Mehari Taddele Maru, a professor at the European University Institute in Florence, Italy, is even more sharply critical of the Nobel Committee: “I am of the strongest opinion that the Nobel Prize Committee is responsible for what is happening in Ethiopia, at least partially.” He says that many experts issued early warnings about Abiy. The Ethiopian prime minister, he says, was rewarded for an agreement that wasn’t about creating peace, but about preparing for war.
What, though, does Abiy really want? One of his primary motives is that of restoring Ethiopia to its former greatness. “It is a kind of ‘Make Ethiopia Great Again,’” says Tsedale, the journalist. “As if there had ever been a great Ethiopia for the people.” She says that Abiy is pursuing a dangerous form of “blood and soil nationalism.”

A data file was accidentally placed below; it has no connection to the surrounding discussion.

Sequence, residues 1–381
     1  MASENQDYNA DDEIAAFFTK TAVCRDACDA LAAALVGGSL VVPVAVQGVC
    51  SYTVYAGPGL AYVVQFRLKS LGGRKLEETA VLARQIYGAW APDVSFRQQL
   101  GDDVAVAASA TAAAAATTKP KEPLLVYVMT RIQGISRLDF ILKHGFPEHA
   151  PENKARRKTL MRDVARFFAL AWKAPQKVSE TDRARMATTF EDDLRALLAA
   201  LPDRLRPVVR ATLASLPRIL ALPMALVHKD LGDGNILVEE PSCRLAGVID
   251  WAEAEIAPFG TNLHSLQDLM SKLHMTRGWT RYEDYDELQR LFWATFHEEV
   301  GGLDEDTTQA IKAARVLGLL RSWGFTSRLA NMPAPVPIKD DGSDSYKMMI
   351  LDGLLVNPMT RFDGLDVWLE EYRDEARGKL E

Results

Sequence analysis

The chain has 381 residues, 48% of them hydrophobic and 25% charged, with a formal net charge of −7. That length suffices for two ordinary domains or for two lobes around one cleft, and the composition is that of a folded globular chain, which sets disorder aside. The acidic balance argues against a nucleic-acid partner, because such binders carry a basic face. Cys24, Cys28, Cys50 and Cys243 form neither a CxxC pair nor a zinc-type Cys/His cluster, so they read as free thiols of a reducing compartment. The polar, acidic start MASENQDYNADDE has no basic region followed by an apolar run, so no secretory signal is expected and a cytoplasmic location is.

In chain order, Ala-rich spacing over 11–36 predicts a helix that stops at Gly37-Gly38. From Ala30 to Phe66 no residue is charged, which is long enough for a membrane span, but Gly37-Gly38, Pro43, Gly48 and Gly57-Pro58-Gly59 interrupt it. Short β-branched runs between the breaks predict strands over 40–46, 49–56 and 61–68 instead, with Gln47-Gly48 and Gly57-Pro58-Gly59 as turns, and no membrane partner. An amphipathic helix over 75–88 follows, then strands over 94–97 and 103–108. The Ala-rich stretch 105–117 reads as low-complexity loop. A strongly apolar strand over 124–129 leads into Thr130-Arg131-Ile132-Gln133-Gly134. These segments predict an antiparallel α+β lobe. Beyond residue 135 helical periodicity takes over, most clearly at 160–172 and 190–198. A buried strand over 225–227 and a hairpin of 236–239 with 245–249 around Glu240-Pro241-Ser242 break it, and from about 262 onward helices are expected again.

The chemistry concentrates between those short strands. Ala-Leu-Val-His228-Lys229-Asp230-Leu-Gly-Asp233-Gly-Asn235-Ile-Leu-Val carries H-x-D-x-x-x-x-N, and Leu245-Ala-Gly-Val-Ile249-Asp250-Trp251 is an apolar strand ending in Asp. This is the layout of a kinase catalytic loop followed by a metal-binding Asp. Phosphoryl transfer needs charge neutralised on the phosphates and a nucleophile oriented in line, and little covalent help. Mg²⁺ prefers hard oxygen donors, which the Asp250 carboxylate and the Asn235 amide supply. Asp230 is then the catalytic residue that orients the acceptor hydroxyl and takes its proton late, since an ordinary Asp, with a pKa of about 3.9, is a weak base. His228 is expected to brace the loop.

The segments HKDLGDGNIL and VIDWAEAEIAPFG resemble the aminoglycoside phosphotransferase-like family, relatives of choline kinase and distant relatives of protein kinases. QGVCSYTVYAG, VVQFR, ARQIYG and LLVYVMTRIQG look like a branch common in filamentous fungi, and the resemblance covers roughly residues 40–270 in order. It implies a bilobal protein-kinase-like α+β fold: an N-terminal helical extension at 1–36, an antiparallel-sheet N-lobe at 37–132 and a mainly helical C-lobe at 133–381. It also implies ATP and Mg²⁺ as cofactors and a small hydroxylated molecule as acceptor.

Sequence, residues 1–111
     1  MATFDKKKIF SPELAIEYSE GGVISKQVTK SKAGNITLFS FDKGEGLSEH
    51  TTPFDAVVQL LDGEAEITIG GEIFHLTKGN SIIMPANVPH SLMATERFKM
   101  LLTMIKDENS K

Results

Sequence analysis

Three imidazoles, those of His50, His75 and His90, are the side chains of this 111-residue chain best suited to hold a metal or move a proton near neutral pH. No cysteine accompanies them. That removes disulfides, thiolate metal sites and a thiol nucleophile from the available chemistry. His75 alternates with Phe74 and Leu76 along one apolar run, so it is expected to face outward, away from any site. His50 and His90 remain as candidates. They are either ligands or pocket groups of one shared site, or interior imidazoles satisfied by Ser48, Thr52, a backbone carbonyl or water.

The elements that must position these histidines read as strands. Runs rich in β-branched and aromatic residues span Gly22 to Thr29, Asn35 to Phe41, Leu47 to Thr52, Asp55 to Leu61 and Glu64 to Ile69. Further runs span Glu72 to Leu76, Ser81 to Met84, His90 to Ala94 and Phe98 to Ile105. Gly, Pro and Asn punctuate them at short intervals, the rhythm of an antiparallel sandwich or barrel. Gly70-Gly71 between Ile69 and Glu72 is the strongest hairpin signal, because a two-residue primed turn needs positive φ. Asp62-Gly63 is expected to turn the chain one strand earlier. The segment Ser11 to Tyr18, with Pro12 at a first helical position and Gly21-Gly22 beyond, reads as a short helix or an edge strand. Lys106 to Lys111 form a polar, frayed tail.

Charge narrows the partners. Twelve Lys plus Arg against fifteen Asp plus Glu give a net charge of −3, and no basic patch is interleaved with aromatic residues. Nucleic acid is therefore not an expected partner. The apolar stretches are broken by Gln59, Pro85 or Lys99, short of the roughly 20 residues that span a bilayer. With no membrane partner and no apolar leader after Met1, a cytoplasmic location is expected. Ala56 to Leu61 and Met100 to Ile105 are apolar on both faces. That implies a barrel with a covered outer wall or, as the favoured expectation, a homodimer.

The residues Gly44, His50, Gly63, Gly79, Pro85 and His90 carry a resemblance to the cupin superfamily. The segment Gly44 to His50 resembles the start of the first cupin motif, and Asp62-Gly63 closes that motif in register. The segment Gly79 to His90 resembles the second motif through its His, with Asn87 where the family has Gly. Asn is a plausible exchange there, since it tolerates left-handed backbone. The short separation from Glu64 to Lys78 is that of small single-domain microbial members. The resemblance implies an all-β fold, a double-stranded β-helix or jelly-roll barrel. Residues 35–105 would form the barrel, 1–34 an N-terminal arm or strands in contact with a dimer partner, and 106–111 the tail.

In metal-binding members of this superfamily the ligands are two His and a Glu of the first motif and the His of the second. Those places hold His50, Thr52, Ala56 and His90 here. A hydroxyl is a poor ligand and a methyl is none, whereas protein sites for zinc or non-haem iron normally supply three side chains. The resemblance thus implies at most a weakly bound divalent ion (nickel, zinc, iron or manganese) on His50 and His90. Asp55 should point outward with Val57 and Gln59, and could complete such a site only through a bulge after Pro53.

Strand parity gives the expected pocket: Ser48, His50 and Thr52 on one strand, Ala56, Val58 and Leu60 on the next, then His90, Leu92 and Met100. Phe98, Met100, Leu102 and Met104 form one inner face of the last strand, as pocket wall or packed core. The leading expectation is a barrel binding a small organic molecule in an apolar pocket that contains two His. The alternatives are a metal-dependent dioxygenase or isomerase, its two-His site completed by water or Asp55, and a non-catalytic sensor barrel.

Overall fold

A video from December of last year shows how far Abiy’s delusions has gone. In the clip, he perorates on the fact that in 2050, the world will be led by two world powers – one of which, he is convinced, will be Ethiopia. His delusions of grandeur are based on the belief of many Ethiopians that they are the nation that is closest to God. Abiy also believes in this dream of an “Ethiopian exceptionalism.”
At appearances, Abiy likes to say that his Christian-Orthodox mother already prophesied during his childhood that he would rise to become the seventh king of Ethiopia, a ruler in the line of succession of the Ethiopian emperors, the direct descendant of King Solomon.